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"Grant us by the Gifts of the Holy Spirit…"

May 15, 2018

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Father David's Reflection for the Sixth Sunday of Lent

Inventory

 

What do you think it means to be a "disciple" of Jesus? What is your experience of it? What questions have you asked Jesus? What has he said that you have paid attention to? Has your experience ever proved him right?

 

Input

 

Today is called both "Passion Sunday" and "Palm Sunday," and in the two names we find the two complementary themes of the celebration. The Antiphon before the procession with palms proclaims Christ's victory: "Hosanna to the Son of David, the King.." The Responsorial Psalm repeats the words of Jesus during his passion on the cross: "My God, my God, why have you abandoned me?" (Psalm 22). Taken together, they give us the focus of all the readings: that authentic discipleship is to "believe and do" whatever Jesus says, and especially to reflect in our lives our faith-conviction that appearances can be deceptive. It is a basic Christian belief that, both for Jesus and for us, defeat is victory, dishonor is glory, and to be looked down upon is to be exalted. Even when our hearts cry out, "My God, my God, why have you abandoned me?" our faith sings, "Hosanna to the Son of David! Blessed is he who comes in the name of the Lord!"1

 

In the introduction and blessing of the palms, we ask that we might "follow Jesus with lively faith" and "reach one day the happiness of the new and everlasting Jerusalem by faithfully following him who lives and reigns forever." We ask that we might "honor God every day by living always in Christ." Disciple- ship is to hear with faith and to carry out into life what we have heard.

 

In order to "live in union" with God we ask him in the Opening Prayer(s) to "guide our minds by his truth and strengthen our lives by the example of his death." We are accepting Jesus as a model, and specifically as a "model of humility." By accepting his self-emptying through humiliations and defeat as the pattern of our own lives we will be "worthy to share in his resurrection." This is discipleship accepting what does not seem acceptable at all! Who wants to be a humiliated loser?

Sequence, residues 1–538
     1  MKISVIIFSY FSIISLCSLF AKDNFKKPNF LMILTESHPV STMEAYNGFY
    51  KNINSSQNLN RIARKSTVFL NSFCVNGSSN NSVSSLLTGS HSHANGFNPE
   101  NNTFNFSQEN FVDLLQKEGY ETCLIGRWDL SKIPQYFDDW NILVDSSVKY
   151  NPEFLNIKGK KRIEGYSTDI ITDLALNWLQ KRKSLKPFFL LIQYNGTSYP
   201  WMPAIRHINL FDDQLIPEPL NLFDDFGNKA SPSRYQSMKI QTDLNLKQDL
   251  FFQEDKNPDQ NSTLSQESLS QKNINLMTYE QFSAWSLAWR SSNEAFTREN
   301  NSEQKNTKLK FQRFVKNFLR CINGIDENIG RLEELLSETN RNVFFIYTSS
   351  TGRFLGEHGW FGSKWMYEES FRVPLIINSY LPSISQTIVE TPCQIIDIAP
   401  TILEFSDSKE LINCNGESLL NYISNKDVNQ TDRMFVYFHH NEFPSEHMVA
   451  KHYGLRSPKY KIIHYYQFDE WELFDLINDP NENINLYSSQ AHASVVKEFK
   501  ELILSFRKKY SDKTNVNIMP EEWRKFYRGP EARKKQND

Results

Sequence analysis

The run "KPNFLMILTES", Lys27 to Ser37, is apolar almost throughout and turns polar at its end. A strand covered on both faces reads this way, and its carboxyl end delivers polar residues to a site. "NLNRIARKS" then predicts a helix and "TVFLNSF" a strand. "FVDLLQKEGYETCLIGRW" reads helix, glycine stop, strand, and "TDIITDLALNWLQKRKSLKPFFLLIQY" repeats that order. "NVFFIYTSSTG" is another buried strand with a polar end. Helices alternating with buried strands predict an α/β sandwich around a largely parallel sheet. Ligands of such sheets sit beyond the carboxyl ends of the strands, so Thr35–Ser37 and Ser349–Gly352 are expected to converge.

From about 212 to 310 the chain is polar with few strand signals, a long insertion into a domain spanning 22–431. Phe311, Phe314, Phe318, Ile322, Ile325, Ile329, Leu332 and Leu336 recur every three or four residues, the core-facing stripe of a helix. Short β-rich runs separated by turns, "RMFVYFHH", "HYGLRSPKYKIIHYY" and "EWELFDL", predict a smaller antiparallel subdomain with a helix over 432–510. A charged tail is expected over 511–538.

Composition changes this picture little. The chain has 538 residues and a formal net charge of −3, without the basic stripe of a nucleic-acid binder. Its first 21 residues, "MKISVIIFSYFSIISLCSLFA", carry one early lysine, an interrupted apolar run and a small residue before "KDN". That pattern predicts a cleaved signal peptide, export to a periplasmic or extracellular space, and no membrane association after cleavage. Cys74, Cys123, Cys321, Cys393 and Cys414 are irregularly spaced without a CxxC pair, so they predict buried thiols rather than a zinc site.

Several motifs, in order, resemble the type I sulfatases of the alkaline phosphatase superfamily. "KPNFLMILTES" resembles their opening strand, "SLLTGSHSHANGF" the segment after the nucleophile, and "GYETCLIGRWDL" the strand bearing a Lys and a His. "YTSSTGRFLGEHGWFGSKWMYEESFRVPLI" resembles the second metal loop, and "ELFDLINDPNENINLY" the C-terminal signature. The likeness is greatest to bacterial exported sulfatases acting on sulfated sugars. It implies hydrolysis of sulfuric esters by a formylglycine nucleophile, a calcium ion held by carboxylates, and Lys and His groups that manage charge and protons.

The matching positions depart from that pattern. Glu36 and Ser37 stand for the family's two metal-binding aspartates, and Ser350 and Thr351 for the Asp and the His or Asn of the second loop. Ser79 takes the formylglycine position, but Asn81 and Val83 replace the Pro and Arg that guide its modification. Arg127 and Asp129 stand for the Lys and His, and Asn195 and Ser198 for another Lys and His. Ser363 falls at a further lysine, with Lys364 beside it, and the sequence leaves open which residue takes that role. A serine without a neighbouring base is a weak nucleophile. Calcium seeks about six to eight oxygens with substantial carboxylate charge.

1 Note that the whole of Psalm 22 is a song of trust and triumph: "In you our ancestors trusted. and you delivered them.. For dominion belongs to the LORD, and he rules over the nations."

 

To listen like a disciple:

In Isaiah 50: 4-7 the prophet says that each morning God "wakes me to hear." But Isaiah says he is only able to "listen like a disciple" because God "has opened my ear." Human common sense is not able to accept everything God

 

Says. Isaiah, like Christ whom he was imitating in preview, says, "I offered my back to those who struck me. I did not cover my face against insult and spittle." He was able to accept this because of his belief in what was not visible: "The Lord comes to my help, so that I am untouched by the insults." Isaiah  was evaluating defeat and victory, honor and dishonor, by another standard: God's. This is what it means to "listen like a disciple." Isaiah may have felt, like Jesus after him, "My God, my God, why have you abandoned me?" but he believed:

 

The poor shall eat and be satisfied; those who seek him shall praise the Lord!.All the ends of the earth shall remember and turn to the Lord; and all the families of the nations shall worship before him. For dominion belongs to the LORD, and he rules over the nations (Psalm 22).

 

He “emptied himself”

Philippians 2: 6-11 tells us that Jesus "though he was in the form of God, did not regard equality with God as something to be exploited, but emptied himself, taking the form of a slave."

 

We can say that Jesus, becoming one of us, a human, also became a disciple. He listened, believed and lived out what he heard. "He humbled himself and became obedient to the point of death-- even death on a cross." And as promised, God turned his apparent defeat into victory: "Therefore God also highly exalted him and gave him the name that is above every name": so that at the name of Jesus every knee should  bend, in heaven and on earth and under the earth, and every tongue should confess that Jesus Christ is Lord, to the glory of God the Father.